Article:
Almost 24 years ago, Shane Warne announced himself on cricket’s international stage. It was June 1993 when he drifted a leg-spinner well wide of Mike Gatting’s leg-stump and ripped it back to hit the top of off.
That feat at Manchester was dubbed ‘the Ball of the Century’.
Warne became the toast of the cricketing world and over the next 13 years he continued to bamboozle batsmen and dominate the game, single-handedly popularising what was previously an unsexy craft.
Prior to Warne, young kids wanted to emulate fast bowlers like Dennis Lillee and Jeff Thomson, and batsmen like Viv Richards. But we were told the King of Spin changed all that and budding young leggies were popping up all over the place.
No one expected anyone to come along and be the equal of Warne, but ten years have passed since his retirement from international cricket, and to date we are yet to unearth a quality Test leg-spinner.
Stuart MacGill played in Warne’s shadow for the bulk of his career and, given he debuted in first-class cricket just three years after Warne and is the son of former West Australian leg-spinner Terry MacGill, his career path was hardly influenced by Warne.
Leaving aside MacGill, there have been several leggies selected to play for Australia since Warne debuted in January 1992.
Peter McIntyre played two Tests in the mid-90s, the first in tandem with Warne against England at Adelaide. In his first-class career, he captured 322 wickets at 39.7.
Cameron White and Steve Smith both debuted at number eight, having been selected for their spin bowling. They have taken a combined total of 22 wickets since, from an aggregate 54 Tests, with both developing into batsmen at the expense of their bowling.
Bryce McGain made his one and only Test appearance, against South Africa, the week before he turned 37.
Then there were left-arm wrist spinners Brad Hogg, who played seven Tests across a 12-year period, and Beau Casson, who played just the once, against the West Indies in 2008.
While chosen primarily as batsmen throughout their careers, Michael Bevan (29 wickets) and Simon Katich (21) were called upon to bowl their Chinamen in their combined total of 74 Tests.
None, however, have commanded even medium-term stints as specialist wrist spinners. And that is a continued issue for Australian cricket.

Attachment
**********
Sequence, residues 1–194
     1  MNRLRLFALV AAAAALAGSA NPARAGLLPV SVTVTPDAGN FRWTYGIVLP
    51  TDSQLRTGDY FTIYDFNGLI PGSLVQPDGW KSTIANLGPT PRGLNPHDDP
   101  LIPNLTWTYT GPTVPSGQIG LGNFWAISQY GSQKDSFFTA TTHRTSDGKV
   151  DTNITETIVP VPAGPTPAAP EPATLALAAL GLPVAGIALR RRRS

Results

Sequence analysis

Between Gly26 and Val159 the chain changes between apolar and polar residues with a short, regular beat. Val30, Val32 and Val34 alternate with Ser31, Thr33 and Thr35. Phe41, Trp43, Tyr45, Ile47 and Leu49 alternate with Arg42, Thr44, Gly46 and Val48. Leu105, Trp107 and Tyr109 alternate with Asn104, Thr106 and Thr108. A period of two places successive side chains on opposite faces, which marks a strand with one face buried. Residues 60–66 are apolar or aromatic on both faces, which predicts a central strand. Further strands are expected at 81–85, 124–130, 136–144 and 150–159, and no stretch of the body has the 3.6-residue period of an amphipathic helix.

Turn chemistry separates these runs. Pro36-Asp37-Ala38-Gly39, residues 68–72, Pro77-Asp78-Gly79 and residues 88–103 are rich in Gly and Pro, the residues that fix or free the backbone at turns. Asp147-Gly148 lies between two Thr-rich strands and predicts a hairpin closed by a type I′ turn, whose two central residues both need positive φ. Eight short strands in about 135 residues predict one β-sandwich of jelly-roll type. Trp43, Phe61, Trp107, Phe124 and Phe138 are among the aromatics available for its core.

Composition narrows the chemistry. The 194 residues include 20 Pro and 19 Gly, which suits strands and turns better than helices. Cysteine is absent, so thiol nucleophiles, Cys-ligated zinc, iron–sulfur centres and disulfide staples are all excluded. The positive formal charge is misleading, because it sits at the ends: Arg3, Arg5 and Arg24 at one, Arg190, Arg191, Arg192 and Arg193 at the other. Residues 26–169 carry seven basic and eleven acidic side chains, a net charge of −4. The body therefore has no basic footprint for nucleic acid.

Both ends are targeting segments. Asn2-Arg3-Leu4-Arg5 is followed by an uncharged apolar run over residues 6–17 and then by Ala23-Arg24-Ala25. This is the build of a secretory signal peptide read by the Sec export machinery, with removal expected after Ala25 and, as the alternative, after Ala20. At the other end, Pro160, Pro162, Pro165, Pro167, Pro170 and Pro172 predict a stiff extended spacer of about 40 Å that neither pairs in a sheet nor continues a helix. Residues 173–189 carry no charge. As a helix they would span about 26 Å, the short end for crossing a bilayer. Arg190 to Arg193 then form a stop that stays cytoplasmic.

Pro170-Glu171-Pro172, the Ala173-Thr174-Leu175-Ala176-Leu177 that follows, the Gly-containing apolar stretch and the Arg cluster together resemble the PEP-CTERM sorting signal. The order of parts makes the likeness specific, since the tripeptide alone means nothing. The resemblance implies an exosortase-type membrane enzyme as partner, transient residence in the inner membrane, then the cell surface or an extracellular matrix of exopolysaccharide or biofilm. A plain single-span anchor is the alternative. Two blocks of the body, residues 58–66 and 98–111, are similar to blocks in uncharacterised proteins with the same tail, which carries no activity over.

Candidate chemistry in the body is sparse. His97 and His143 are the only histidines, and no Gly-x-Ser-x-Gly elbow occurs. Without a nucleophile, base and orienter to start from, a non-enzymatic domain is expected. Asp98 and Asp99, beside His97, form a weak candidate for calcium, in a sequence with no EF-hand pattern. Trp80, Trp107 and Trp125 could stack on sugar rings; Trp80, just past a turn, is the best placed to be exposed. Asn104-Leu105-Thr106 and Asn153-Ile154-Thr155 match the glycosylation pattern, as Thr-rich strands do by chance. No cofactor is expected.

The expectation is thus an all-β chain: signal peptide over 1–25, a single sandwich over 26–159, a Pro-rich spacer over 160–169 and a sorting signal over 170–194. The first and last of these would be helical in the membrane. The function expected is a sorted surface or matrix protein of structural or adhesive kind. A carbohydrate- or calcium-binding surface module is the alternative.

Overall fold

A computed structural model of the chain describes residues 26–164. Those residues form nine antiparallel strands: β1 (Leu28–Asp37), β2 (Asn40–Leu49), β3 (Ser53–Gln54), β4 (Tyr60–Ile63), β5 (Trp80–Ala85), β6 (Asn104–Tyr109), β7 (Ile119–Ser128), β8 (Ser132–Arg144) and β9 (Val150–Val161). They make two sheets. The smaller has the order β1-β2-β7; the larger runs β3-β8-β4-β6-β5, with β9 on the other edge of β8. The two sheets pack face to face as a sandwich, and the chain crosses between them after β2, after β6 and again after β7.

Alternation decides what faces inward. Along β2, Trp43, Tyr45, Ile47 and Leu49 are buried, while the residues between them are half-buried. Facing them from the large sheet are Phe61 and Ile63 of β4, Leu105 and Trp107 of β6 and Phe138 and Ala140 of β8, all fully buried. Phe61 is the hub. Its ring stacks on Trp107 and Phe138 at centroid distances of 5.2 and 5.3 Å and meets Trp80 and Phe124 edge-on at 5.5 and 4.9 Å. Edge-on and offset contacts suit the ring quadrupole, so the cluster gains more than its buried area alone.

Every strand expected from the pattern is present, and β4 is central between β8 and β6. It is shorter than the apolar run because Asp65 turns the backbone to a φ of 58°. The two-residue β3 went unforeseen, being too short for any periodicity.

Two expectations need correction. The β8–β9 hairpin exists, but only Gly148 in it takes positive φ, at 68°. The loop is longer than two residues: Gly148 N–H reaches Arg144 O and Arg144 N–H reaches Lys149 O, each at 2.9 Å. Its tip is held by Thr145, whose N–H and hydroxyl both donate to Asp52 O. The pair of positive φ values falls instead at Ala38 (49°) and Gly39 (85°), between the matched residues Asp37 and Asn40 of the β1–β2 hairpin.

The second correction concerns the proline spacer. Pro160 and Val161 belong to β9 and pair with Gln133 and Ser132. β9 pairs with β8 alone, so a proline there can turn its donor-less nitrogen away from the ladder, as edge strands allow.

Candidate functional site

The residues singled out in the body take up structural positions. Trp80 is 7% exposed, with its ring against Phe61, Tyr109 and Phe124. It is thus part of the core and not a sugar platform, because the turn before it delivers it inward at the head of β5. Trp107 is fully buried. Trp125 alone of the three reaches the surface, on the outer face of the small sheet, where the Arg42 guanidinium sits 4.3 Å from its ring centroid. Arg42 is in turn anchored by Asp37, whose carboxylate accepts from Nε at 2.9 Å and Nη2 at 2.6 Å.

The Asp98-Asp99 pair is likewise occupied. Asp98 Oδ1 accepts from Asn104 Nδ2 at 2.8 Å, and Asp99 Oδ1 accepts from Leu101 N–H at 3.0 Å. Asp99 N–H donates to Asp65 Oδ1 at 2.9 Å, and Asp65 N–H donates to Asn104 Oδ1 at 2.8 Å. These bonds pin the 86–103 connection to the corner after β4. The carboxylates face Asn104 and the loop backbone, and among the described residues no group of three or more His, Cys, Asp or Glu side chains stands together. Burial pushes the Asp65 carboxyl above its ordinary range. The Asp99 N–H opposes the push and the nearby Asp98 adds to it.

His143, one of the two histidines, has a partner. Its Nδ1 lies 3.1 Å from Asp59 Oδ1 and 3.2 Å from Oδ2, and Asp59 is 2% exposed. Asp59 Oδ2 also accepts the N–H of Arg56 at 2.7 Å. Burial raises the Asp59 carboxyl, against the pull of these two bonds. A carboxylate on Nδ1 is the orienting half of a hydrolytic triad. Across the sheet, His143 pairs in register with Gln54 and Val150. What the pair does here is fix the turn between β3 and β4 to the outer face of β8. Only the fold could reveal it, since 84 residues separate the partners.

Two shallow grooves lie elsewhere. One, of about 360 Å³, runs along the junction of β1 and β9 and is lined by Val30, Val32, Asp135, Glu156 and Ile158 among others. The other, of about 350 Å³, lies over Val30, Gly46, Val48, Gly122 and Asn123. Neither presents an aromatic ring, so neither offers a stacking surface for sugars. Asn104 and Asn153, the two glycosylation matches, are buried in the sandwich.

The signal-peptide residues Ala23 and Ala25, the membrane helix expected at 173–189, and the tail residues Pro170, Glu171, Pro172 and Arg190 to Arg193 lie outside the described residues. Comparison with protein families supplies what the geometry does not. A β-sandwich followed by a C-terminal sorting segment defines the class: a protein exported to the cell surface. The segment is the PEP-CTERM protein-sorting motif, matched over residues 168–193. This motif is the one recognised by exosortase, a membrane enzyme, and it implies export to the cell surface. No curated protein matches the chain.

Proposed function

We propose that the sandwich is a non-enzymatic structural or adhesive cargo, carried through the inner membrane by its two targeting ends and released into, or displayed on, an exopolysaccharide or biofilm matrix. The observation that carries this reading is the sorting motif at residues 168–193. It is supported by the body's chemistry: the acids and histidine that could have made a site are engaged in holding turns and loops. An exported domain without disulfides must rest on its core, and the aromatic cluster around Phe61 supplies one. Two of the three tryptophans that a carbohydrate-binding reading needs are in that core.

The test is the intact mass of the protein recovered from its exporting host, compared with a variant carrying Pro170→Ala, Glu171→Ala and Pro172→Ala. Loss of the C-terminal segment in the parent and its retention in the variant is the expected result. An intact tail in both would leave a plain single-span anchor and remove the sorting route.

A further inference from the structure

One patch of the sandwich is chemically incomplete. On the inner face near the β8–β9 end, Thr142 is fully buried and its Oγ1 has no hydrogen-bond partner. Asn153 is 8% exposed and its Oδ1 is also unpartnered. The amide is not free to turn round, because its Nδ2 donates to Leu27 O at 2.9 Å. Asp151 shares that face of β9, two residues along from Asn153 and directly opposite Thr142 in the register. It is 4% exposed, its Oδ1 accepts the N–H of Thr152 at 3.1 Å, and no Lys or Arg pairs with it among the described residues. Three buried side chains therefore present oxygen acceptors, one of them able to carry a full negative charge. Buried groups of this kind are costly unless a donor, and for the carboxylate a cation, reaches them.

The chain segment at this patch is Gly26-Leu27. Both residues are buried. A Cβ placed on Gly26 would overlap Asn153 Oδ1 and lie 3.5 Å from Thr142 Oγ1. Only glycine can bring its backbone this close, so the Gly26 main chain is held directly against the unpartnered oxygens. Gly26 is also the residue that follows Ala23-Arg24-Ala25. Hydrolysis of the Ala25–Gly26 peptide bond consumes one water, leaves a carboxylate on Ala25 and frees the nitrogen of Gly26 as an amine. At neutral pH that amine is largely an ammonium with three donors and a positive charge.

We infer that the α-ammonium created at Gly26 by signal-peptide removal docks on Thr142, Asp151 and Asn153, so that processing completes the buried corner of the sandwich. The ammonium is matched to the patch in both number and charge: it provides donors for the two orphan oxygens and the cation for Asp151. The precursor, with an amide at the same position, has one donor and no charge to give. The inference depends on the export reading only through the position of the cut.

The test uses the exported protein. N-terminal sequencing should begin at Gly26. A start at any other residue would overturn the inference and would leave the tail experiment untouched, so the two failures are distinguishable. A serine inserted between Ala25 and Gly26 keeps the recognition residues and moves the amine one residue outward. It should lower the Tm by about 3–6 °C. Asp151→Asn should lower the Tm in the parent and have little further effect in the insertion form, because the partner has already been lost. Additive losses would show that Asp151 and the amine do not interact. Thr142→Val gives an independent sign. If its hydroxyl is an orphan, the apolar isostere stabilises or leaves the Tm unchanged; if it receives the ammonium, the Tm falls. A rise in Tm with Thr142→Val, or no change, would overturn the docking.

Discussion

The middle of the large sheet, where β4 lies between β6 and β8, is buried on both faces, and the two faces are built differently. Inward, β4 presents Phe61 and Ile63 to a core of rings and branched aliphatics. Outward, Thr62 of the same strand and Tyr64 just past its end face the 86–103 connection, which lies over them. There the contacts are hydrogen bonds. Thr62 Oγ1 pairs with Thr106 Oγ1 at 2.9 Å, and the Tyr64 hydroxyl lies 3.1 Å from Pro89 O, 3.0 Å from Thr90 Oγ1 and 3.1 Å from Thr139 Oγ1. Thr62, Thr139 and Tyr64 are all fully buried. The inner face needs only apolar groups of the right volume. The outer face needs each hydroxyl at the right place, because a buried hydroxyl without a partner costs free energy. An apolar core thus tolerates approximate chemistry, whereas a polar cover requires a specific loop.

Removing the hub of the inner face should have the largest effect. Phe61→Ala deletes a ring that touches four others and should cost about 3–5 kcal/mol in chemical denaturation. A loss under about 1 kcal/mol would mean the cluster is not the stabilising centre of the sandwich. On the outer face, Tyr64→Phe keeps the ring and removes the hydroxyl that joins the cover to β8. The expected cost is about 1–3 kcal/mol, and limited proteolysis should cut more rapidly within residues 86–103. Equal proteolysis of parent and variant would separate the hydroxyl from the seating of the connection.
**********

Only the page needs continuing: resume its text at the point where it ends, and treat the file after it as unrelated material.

Currently, there are two leg-spinners being touted as future Test players: Adam Zampa and Mitchell Swepson.
Zampa has proven to be highly effective in the limited forms of the game, with 30 wickets at 27.8 from 19 ODI appearances and nine at 17.9 in eight T20 internationals.
But his long-form form has been ordinary – in 25 first-class matches he has captured 62 wickets at 50.3. As such, while he has been regularly selected of late for international ODIs and T20s, he has struggled to be a regular member of the South Australian Sheffield Shield side over the past 18 months.
This season he has nine wickets at 47.9 from three Shield matches.
He is effective in short-form cricket, as he is reasonably accurate and batsmen have to take a risk in going after him. But given he is not a prodigious turner, when he has a red ball in hand he poses less of a wicket-taking threat, with batsmen merely waiting for the loose ball to put away.
Zampa is still only 24, but he has a long way to go to prove he is a viable option at Test level.
Swepson, 23, has played 14 first-class matches for 41 wickets at 32.8, which is a tidy start. This season his four Shield outings have realised ten wickets at 43.0.
Both Zampa and Swepson have been touted as candidates for next month’s tour of India.
Zampa would be a risk given his parlous red-ball history, while it would be a baptism of fire for Swepson against the best players of spin in the world.
India aside however, the lack of a quality leg-spinner is more of an issue each summer in Australia.
The harder nature of the pitches in Australia and the fact the majority do not deteriorate greatly over five days has meant the bounce that can be extracted by wrist spinners is more of a threat.
This is best illustrated by the records of two of the sport’s most prolific finger spinners. In Australia, Sri Lanka’s Muttiah Muralitharan averaged 75.4 in five Tests and Indian Harbhajan Singh 73.2 from four matches.
Staid drop-in pitches are likely to make finger-spinners toil even harder for their wickets in the future.
Nathan Lyon earned the sobriquet GOAT (Greatest of All Time) when he surpassed Hugh Trumble’s career record of 141 Test wickets, the most by an Australian finger-spinner.
When he reached Trumble’s mark he sat behind five other spinners in the all-time wicket-taker’s list for Australia, each of whom are leg-spinners – Warne (708 at 25.4), Richie Benaud (248 at 27.0), Clarrie Grimmett (216 at 24.2), MacGill (208 at 29.0) and Bill O’Reilly (144 at 22.6).
Currently, Lyon has 228 wickets at 34.1, an average vastly inferior to the aforementioned leggies. While serviceable, Lyon has struggled to bowl his side to victory late in matches in Australia – a job, historically, that has been the domain of the wrist-spinner.
One of the significant issues hampering the development of leg-spinners in this country has been the changing face of club cricket. Far more of it nowadays is centred around one-day fixtures and T20 competitions, rather than the more traditional two-day games spanning two weekends.
This has meant wrist-spinners have less opportunities to hone their craft. It has also meant their captains have had less of an opportunity to learn the requisite field placings and best way to utile their skills.
Whatever the reasons, despite all the hype about youngsters emulating Warne, almost a quarter of a century after that historic delivery at Old Trafford we are still awaiting the arrival of a wrist-spinner who can hold down a place in the Test side for any more than a fleeting moment.
It is perhaps the single most pressing selection issue facing Australian cricket.